Former regime officers cause concern in Kirkuk
A decision by Iraqi PM Nuri al-Maliki to recall former Iraqi army officers from the Baath regime is causing concern for Kurds and Turkmen in Kirkuk.
The PM,who is also commander of the armed forces, decided to recall former officers and employees of the Iraqi army in June after a visit to his office by members of the Kirkuk Provincial Council, MPs, and Arab Political Council members.
The group asked al-Malaki to recall the former police and army officers to duty.
But Muhamed Kamal, a member of the KPC on the Kurdish Brayati list, says he is against returning the former officers to duty because they were “controlled and chosen by one party” during the time of the former regime.
“We want them to be retired, not on duty again. “ he said.
“We feel it is far more just and necessary for new people to be in their place in Kirkuk.”
After the end of Iraq-US War in 2003, Paul Bremer, the ruler of Iraq dissolved the ministries of Interior and Defense, along with other security institutions of the Baath regime.
Last month on July 18, the leadership of the 12th brigade of the Iraqi army welcomed a group of former Iraqi officers and tried to enroll them in the brigade. More than 200 officers were enlisted according to Gen. Brig. Ayad Muhamad, deputy commander of the 12th brigade.
The head of committee to return the former officers, Gen. Brig. Riyadh Abid, says all the officers were included in the decision to re-enlist without any discrimination.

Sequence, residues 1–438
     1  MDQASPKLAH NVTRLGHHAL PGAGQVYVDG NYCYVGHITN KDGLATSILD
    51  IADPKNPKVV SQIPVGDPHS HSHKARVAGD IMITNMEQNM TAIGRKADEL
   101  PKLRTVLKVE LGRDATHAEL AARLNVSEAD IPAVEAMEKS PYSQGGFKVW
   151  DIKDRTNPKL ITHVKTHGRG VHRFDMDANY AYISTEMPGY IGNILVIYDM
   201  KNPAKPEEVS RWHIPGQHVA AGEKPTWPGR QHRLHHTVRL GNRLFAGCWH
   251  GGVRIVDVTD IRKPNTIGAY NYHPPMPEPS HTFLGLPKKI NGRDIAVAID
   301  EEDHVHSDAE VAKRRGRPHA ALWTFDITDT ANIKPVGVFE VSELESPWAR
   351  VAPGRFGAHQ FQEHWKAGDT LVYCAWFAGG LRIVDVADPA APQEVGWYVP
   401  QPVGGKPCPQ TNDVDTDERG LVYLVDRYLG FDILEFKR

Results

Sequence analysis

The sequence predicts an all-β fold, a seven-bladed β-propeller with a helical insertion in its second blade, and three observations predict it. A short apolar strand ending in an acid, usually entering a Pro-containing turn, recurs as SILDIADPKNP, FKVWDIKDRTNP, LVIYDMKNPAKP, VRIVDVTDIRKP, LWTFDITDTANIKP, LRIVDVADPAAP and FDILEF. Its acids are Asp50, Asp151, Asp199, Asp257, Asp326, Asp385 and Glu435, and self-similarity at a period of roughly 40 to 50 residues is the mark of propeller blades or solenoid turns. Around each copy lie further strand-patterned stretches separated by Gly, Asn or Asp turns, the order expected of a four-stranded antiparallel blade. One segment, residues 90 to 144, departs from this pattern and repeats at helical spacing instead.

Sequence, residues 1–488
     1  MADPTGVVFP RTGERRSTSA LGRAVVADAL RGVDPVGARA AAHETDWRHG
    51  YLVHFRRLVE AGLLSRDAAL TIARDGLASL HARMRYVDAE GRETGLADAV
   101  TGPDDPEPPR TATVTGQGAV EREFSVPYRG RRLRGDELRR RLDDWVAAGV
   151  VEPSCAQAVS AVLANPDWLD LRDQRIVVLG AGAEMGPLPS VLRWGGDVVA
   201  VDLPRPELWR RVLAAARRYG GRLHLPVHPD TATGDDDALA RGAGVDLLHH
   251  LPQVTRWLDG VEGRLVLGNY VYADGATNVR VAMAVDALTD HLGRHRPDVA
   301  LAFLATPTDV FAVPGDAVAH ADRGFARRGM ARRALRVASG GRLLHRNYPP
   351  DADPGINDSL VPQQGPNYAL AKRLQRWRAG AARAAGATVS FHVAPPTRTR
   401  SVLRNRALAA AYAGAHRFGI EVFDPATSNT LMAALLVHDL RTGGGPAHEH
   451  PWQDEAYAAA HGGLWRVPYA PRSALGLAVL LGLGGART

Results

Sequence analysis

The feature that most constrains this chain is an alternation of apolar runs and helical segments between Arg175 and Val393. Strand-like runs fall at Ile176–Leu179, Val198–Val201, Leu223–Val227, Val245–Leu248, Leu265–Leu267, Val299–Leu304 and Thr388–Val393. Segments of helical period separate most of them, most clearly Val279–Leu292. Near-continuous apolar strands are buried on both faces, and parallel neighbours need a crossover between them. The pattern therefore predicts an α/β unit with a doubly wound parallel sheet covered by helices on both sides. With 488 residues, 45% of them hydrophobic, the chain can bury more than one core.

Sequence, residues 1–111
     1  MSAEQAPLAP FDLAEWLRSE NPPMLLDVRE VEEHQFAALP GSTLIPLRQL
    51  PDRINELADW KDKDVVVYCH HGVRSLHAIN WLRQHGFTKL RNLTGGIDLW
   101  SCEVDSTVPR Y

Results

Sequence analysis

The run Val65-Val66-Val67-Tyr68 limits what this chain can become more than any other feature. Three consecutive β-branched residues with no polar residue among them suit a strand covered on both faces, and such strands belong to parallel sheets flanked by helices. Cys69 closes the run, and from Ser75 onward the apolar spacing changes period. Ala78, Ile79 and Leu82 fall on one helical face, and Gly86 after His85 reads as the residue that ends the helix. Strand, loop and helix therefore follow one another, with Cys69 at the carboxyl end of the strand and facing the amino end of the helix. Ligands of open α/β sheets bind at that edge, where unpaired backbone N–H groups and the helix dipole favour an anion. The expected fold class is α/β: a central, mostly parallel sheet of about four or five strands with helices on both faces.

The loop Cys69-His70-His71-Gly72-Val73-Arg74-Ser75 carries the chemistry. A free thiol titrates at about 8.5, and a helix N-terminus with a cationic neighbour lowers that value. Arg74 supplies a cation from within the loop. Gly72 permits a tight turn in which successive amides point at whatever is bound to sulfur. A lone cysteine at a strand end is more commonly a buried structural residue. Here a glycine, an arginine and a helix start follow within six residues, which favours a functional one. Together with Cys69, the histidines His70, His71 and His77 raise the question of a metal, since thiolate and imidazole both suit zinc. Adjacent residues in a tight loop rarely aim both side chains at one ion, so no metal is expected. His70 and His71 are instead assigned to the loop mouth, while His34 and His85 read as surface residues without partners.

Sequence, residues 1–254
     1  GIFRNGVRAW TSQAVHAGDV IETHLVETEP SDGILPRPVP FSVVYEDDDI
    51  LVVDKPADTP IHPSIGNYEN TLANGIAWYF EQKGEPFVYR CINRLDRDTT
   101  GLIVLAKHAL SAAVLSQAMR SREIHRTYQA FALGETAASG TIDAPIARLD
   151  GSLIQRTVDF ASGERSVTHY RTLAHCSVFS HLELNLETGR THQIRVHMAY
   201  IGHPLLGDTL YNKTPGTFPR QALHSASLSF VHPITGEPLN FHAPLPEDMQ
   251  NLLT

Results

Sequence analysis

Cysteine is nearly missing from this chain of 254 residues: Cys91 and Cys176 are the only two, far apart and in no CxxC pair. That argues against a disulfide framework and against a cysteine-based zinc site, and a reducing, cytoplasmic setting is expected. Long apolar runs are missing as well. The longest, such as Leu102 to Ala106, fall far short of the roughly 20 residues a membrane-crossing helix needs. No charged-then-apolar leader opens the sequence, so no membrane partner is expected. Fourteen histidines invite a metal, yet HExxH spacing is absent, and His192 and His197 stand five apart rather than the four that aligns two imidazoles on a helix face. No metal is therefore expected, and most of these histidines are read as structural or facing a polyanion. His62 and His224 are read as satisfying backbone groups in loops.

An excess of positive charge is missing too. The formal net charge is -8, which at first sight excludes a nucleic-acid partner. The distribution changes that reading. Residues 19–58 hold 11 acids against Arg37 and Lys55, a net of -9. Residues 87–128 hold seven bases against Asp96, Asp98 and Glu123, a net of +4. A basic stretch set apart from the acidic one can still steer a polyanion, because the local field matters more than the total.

But the number of Arab officers was greater than others as the Arab Political Council, consisting of some Arab leaders and tribesmen, said 3,000 officers had enrolled to return to duty again. The officers are still enlisting themselves to return to their former jobs.
Ali Mehdi, a Turkmen member of the KPC security committee says Kirkuk is a special case and the ratio of Kurds and Turkmens should be considered as well as the Arabs.
“We are against boycotting anyone” he said.
“But Kurds and Turkmen have been neglected since the 1980’s.”
Mehdi has called on the Iraqi PM to reconsider the decision as it ‘violates’ the equal representation of each faction in the army in Kirkuk. He says Kurds, Arabs and Turkmens should each make up 32% of the army.
However Sheikh Hasan Ali al-Jabouri, head of the Arab-majority council of Hawija calls the PM’s step ‘positive’ saying it ‘helps’ reconciliation and enables people to serve their country far from sectarian and party-affiliated motives.
Some political observers have long considered one of the reasons for the country’s security problems to be the Iraqi army dissolving in the hands of Bremer after 2003.
A former officer who preferred to remain anonymous praised the PM’s step saying “PM Maliki has issued a courageous decision.” He showed his readiness to return and ‘serve’ the Iraqi army. Military sources consider the number of Iraqi army members to be 450 thousand, as they claim that 50% of this number are either retired or have returned to the army, while the fate of the other 50% is unknown.
Abudlla Sabah – Kirkuk Now